• Check if a Permit is required, obtain authorization and comply;
  • Treat all energy sources as live until they have been: 1. Safety isolated 2. De-energised 3.Verified, and 4.Locked out with life-saving equipment such as locks and tags.

You must NEVER:

  • Start work without a pre-job risk assessment to identify risks and appropriate controls;
  • Start work if you think that the conditions are unsafe;
  • Start work if you are unclear of the safety or emergency procedures;
  • Rely only on PPE; it is your last line of defence.

4. Working over water/ Access to vessels

When outside of ships rails always wear a Personal Flotation Device.

You must ALWAYS:

  • Wear a suitable life-saving flotation device before working on or around water;
  • Plan your work, ensuring the sea-state is within acceptable conditions;
  • Consider the vessel movement and swell before transferring between vessels;
  • Check emergency equipment is in place, such as radio and flares.

You must NEVER:

  • Work within a risk of falling overboard if the task can be achieved by a safer method;
  • Board a vessel if the risks are unacceptable or you have any concerns regarding safety, weather or the transfer methods;
  • Carry your equipment when transferring over water;
  • Transfer to another vessel without first establishing visual and radio communications.

5. Line on fire

Ensure yourself and others are positioned away from suspended loads, stored pressure, moving machinery and snap-back areas.

You must ALWAYS:

  • Maintain a safe distance from hazards, ensuring you are outside the “line of fire” and understand the consequences of equipment failure;
  • Keep away from suspended loads, unprotected equipment and moving vehicles;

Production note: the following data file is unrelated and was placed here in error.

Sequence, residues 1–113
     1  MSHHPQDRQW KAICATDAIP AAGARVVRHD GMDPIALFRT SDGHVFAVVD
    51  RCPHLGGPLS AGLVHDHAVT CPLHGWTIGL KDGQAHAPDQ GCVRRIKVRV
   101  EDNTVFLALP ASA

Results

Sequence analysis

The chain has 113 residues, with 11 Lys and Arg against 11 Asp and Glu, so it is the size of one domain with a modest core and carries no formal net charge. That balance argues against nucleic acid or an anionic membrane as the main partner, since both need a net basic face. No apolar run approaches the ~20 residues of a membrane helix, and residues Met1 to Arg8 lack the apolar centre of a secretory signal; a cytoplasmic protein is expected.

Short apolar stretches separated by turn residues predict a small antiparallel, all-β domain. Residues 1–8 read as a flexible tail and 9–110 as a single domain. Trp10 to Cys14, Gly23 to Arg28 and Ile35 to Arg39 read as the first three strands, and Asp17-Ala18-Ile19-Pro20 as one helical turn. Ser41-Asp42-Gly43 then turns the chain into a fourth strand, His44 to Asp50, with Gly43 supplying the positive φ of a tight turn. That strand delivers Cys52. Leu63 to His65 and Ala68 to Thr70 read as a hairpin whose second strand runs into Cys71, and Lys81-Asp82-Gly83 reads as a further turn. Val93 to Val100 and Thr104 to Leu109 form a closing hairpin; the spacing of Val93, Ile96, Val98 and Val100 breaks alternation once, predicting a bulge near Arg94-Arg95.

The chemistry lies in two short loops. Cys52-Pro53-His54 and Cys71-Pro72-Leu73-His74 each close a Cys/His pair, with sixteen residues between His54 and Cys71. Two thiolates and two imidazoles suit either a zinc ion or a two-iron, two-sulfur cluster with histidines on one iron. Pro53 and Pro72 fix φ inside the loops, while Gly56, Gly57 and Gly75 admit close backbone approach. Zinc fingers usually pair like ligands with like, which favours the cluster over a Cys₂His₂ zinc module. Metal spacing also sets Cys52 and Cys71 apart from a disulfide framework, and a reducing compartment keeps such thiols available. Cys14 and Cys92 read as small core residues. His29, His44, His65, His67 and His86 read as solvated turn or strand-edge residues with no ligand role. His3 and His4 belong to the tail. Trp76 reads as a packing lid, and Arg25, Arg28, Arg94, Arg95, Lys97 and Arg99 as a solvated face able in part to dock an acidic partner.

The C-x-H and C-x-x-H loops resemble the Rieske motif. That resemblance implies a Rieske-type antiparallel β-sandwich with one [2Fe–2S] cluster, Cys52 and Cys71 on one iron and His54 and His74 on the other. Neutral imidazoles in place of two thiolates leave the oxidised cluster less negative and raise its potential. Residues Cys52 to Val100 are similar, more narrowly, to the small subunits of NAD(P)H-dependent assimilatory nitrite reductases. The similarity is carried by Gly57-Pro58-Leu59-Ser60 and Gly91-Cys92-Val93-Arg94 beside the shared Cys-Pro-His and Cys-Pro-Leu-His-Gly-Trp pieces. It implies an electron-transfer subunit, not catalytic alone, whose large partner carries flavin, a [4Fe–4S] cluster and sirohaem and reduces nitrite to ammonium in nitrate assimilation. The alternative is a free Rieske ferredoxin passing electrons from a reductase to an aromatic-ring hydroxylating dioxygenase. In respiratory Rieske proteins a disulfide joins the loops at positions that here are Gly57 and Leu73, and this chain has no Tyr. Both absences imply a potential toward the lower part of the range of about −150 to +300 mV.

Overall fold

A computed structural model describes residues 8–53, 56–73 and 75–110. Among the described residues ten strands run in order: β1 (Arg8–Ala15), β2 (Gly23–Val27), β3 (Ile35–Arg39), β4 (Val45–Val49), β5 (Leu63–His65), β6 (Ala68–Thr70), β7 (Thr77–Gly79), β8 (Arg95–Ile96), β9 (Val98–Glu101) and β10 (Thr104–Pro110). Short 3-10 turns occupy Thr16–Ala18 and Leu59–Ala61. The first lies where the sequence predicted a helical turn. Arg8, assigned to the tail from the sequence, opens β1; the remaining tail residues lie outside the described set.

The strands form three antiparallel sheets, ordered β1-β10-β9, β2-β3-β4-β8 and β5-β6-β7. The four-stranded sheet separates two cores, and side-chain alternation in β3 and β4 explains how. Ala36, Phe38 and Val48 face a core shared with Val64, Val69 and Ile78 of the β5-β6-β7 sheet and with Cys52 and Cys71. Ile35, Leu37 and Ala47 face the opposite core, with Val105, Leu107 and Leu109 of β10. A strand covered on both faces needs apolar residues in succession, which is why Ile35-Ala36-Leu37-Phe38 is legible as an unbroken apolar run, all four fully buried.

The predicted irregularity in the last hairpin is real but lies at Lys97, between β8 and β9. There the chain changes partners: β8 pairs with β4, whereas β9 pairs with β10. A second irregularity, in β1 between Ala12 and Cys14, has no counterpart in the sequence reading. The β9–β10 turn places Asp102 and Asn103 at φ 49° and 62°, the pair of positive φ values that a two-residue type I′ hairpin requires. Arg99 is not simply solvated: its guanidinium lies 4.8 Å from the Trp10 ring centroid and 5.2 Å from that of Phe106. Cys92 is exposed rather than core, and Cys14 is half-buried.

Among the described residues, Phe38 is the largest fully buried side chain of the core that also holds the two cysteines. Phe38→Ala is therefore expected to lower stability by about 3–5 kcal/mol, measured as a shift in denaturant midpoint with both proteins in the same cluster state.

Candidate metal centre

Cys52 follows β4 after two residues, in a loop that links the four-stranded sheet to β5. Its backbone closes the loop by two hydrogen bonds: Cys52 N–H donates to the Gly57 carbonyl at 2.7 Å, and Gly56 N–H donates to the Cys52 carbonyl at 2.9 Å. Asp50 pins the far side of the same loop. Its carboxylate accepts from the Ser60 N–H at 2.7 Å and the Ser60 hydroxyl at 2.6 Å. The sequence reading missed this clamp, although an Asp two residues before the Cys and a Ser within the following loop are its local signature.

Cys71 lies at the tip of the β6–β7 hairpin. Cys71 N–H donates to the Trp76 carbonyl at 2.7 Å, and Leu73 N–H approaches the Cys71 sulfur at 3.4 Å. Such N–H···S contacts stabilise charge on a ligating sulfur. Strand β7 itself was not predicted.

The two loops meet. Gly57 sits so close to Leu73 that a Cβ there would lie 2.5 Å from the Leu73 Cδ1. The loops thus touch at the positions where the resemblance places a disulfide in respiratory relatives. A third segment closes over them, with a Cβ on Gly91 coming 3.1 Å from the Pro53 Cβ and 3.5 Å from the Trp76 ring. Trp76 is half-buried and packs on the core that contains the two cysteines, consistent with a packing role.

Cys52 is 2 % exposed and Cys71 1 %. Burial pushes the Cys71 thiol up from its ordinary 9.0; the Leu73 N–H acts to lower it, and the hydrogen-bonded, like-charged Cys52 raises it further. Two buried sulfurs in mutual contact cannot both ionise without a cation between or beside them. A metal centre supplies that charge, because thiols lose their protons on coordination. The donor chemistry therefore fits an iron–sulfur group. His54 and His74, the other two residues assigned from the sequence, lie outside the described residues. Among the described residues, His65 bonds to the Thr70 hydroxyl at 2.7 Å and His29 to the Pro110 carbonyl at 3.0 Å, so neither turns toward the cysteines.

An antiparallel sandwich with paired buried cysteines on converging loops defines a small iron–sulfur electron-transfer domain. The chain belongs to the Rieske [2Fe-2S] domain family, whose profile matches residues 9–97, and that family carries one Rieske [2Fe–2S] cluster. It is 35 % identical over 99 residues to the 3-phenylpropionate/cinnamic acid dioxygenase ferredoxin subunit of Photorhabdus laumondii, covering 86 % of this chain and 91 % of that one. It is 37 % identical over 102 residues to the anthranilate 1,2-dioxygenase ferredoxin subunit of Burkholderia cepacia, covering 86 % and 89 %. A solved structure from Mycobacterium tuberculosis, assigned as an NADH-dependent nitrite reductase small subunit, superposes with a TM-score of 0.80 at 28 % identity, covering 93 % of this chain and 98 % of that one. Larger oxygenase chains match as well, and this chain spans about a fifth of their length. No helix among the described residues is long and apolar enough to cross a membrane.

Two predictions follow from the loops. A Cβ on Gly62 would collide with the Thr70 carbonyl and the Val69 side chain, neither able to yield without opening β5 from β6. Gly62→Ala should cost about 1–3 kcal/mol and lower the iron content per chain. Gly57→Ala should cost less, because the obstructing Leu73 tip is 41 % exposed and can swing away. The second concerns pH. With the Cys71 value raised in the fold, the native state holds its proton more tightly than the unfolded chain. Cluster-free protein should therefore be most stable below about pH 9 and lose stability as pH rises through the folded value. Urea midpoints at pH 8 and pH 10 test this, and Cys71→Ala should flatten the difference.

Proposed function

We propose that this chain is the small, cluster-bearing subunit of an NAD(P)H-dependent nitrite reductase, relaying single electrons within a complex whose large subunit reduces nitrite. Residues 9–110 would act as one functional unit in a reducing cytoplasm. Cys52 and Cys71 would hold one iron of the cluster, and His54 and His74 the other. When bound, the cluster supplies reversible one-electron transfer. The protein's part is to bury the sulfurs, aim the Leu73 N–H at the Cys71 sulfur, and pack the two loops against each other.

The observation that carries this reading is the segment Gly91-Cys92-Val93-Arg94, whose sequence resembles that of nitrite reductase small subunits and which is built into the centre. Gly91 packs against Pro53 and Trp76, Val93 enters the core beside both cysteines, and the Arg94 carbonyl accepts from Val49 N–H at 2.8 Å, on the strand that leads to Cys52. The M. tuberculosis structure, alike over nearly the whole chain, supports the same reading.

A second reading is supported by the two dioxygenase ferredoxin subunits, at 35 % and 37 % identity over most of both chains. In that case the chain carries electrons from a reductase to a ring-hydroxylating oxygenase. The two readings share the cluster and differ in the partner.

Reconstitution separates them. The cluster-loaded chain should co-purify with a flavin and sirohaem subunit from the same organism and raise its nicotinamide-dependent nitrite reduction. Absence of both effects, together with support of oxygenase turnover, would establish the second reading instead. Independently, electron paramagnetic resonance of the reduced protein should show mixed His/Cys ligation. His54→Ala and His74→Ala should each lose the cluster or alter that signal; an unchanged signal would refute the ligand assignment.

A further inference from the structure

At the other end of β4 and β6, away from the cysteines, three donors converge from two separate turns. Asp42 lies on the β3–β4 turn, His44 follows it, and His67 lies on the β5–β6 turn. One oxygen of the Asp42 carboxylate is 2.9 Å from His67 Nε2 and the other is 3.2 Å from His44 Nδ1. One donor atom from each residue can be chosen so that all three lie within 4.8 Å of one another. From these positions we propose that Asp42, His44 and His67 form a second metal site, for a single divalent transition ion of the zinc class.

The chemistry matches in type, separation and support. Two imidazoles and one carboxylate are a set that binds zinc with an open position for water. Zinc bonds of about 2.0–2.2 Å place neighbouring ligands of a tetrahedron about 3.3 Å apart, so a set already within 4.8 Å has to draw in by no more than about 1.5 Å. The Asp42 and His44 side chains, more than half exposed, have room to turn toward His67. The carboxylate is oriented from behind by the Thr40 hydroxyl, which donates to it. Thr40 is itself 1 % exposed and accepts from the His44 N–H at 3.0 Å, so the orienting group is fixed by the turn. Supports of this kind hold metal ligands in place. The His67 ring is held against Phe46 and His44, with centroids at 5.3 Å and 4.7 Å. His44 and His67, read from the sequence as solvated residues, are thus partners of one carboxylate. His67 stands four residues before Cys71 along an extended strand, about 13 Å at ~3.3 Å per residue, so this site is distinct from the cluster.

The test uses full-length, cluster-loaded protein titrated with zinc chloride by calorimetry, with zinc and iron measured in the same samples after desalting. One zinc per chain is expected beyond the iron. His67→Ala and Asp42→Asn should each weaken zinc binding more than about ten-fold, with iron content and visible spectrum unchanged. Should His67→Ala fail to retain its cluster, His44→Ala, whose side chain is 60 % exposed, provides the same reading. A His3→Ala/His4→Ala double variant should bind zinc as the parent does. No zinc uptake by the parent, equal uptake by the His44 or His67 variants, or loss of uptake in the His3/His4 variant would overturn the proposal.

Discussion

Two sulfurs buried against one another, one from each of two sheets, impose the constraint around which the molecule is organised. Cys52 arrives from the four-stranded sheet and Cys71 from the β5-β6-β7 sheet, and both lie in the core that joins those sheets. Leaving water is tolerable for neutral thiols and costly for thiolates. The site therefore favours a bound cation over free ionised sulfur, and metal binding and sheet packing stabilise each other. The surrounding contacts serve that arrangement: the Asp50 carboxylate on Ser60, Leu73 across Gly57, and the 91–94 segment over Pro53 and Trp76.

• Be alert to blasting, welding, grinding, electrical work and falling objects;
  • Maintain a safe distance from lines under tension such as lifting/mooring lines, towing cables or suspended loads- Consider Snap-back areas;
  • Make use of pedestrian walkways and safe zones where they are provided.

You must NEVER:

  • Enter an unauthorized area;
  • Bypass a safety barrier or enter an exclusion zone;
  • Attempt a task that you are not trained or competent to do.

6. Navigation

Obey the collision regulations, supplement nav aids with visual/manual checks plan and execute plan and avoid distractions and fatigue.

You must ALWAYS:

  • Look out of the window;
  • Obey Collision regulations;
  • Comply with work/ rest hours;
  • Maintain a safe distance from grounding lines;
  • Supplement nav aids with visual/manual checks;
  • Execute passage as per plan;
  • Calculate enough Under Keel Clearance including dynamic factors such as Squat.

You must NEVER:

  • Allow accidents caused by fatigue;
  • Accept ECDIS/ AIS tracking information without independent checking;
  • Proceed at unsafe speed in heavy traffic or restricted visibility;
  • Allow yourself to be distracted;
  • Use a cellphone while on Navigational watch.

7. Lifeboats

Ensure own and others safety during maintenance and testing of lifeboats.

You must ALWAYS:

  • Always ensure boat is fully secured (gripes; harbour pins; lashings) before entering for maintenance;
  • Conduct toolbox talks covering dangers , release mechanisms, roles and operational procedures;
  • Have fully trained staff conducting maintenance of boats, winches and brakes;
  • Remove winch handles before launching;
  • Ensure adequate supervision and means of communication;
  • Avoid the unintended operation of on-load release mechanisms.

You must NEVER:

  • Have people on board during test launching/ recovery;
  • Put crew in danger areas when boats/ davits are moving (crushing, etc.);
  • Leave hanging off pennants or securing devices in place after maintenance/ testing.

The amendments to SOLAS regulations III/3 and III/20, introducing mandatory new requirements for the maintenance and inspection of lifeboats and rescue boats, will enter into force on 1 January 2020, to ensure safety of life-saving appliances and equipment.